They would get ashore very rarely, only to free a ship that had hit the shallows or to fix a broken vessel.
The Repin painting, in fact, shows them pulling out a vessel that met that particular misfortune, apparently a common accident. Most crews didn’t include pilots familiar with local conditions. Understandably, they never carried radar or sound equipment such as sonar: those may have existed in some inventors’ imaginations at the time, but not in reality.
Another giveaway is the flag that has been turned upside down, as a signal for some kind of an emergency mishap.
The crews that had to disembark and fix the problem used to change into their worst kinds of outfits: the banks were muddy like heck, and they saw no reason to soil their usual clothing.
Poor? You’re kidding!
While pulling ships must have been a tough job, the burlakis’ pay wasn’t too shabby, either: known records from midway through the 19th century show that, on average, your normal burlak would be earning 60 to 80 roubles a month, while the chief of the group (shishka, шишка in Russian alphabet) would be taking home 100 to 120 roubles a month.
A licenced Russian physician or a high school teacher of the highest qualification would be earning 80 roubles a month on average, while a paramedic’s take-home pay would usually not exceed 35 to 40 roubles a month.
Physicians and high school teachers were considered upper middle class in 19th-century Russia. And so were the burlaki. Their chiefs, the shishkas, were very close to being known as people of independent means.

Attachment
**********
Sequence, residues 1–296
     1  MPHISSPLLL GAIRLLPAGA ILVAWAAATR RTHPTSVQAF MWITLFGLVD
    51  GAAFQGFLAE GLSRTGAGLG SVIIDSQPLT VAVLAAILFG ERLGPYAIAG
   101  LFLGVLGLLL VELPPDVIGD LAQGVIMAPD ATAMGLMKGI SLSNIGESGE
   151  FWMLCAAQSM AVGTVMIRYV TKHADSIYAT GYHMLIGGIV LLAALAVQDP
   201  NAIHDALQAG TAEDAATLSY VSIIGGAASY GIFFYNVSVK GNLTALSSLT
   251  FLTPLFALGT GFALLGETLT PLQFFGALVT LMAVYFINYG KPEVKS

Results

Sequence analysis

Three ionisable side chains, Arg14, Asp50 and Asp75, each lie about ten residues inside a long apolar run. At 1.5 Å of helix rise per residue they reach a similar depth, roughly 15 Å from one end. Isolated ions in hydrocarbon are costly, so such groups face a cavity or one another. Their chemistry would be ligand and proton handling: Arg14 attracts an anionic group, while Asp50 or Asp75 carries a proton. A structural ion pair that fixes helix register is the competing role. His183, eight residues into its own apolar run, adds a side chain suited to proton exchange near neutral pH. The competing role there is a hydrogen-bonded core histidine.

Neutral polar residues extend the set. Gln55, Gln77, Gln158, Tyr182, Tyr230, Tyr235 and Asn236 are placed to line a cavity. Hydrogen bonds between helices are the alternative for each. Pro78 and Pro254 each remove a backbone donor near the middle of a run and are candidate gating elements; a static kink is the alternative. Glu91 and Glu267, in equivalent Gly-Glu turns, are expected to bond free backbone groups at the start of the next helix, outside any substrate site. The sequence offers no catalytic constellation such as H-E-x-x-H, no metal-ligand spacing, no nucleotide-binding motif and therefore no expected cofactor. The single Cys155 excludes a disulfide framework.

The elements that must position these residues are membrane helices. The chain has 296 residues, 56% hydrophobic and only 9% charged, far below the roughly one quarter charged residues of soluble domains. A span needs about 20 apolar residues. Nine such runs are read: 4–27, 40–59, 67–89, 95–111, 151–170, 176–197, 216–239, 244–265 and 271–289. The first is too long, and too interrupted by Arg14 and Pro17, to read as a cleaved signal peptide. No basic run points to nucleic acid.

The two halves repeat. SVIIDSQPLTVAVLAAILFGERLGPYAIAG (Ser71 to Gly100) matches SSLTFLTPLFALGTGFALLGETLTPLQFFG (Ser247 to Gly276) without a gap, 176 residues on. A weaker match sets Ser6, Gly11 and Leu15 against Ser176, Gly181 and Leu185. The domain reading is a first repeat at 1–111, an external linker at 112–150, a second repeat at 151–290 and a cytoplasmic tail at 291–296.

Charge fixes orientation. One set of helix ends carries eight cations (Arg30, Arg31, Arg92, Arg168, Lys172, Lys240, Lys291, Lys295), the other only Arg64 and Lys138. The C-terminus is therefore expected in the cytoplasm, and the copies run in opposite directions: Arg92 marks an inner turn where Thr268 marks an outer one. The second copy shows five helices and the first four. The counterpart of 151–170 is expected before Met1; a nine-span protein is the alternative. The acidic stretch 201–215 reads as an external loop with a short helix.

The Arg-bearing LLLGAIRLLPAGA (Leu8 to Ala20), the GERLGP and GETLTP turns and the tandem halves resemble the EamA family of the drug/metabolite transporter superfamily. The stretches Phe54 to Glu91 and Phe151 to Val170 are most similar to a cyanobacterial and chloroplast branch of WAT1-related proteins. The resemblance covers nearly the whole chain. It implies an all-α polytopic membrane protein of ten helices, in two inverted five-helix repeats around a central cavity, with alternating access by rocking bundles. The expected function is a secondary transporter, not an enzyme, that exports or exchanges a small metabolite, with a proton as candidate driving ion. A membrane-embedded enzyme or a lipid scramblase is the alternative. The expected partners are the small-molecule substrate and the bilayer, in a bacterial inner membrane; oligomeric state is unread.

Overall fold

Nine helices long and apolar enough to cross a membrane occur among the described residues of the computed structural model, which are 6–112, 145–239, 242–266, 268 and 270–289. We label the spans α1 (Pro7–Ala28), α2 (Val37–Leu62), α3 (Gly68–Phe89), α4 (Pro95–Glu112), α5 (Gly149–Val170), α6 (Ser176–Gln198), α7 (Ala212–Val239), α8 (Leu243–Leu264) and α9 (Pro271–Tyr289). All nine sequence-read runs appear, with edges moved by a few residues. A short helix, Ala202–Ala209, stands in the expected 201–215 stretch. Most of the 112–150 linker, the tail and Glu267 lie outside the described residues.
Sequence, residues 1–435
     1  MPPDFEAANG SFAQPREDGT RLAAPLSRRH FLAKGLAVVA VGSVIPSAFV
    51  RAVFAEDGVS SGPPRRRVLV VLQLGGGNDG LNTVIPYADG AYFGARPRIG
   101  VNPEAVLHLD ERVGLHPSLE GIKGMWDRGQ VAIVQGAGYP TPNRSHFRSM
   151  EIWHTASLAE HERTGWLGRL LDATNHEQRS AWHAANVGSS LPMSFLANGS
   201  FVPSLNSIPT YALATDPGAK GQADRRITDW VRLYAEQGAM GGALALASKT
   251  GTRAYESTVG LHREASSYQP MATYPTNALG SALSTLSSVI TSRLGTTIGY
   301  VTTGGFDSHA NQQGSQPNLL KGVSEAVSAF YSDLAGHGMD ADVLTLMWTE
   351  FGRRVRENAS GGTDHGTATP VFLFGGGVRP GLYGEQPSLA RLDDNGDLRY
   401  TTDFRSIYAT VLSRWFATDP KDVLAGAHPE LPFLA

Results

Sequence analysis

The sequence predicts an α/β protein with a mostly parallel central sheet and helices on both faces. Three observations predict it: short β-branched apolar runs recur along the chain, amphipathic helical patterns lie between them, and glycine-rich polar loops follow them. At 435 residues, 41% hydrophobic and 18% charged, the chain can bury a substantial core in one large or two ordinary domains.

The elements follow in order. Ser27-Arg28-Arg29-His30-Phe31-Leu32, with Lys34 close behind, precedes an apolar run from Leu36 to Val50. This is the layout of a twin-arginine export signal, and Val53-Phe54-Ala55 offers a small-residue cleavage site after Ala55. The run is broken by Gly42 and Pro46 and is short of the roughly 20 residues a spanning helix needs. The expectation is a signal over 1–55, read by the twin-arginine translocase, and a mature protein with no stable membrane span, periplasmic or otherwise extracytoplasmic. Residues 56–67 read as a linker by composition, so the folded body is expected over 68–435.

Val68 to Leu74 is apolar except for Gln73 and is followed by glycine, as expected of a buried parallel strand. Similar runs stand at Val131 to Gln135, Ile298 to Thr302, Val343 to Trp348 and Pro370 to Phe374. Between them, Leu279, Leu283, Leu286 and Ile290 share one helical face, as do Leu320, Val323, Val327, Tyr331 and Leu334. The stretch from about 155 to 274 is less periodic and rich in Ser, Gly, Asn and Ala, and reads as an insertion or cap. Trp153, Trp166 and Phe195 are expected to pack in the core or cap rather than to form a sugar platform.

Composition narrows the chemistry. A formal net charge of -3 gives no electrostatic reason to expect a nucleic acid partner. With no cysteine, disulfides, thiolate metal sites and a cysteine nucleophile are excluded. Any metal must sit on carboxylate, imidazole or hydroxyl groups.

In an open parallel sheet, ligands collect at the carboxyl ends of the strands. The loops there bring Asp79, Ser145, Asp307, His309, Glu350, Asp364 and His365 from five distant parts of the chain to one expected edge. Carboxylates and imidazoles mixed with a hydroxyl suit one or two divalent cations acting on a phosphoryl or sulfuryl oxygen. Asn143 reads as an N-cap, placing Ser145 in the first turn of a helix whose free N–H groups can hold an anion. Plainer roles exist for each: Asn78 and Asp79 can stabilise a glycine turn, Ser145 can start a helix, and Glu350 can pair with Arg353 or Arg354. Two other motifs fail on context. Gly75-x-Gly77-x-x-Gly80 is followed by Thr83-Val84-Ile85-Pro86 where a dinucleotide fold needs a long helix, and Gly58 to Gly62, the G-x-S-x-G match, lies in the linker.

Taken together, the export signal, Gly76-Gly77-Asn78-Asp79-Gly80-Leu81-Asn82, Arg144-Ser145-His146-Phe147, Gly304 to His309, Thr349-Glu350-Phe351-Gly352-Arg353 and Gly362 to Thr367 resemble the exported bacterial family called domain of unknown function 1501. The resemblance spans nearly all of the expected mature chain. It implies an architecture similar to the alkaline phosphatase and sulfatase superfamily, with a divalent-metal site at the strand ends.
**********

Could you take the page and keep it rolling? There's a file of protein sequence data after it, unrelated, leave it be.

Besides, while on duty, the burlakis were fed on company rouble, meaning that what they earned was take-home pay in full.
Many would save to be able to open their own companies. Many shishkas would become ship skippers, while many burlakis would work a few shipping seasons and then, turn into merchants or start farms that would flourish for decades, only to be confiscated and ruined by the communist revolution of 1917.
It wasn’t easy work but healthy men who wouldn’t shirk hard labour would succeed, often beyond expectations. After all, most of the opulent Russian orthodox churches that adorn the Volga River banks, and that people admire to this day, were built exactly by burlakis, using their own money and paying for them in cash.
The conclusion: the Repin painting does not show forlorn and hungry wretches. Rather, it shows relatively secure people who only changed into old and torn clothing so they wouldn’t soil the clothing they wear otherwise, while on board ship.
Repin received 3,000 roubles for three years of hard labour painting his work, and yes, creating such art is hard work. It has become immortal.
And so has the propaganda surrounding it. The shamans of political marketing had made his piece of art something that it has never been. This slander has persisted since the end of the 19th century till today.
Is it any wonder that today’s would-be progressive propagandists enjoy such field days? With the naïve faith sheeple demonstrate in obeying each and every official government fear-mongering proclamation, it is not.
If the Marxism-Leninism-based calumny could survive without many doubting it for almost one-and-a-half of a century, why not the Great Reset, a.k.a. 4th Industrial Revolution?
That’s what we should be fearing, not a non-existing virus propaganda.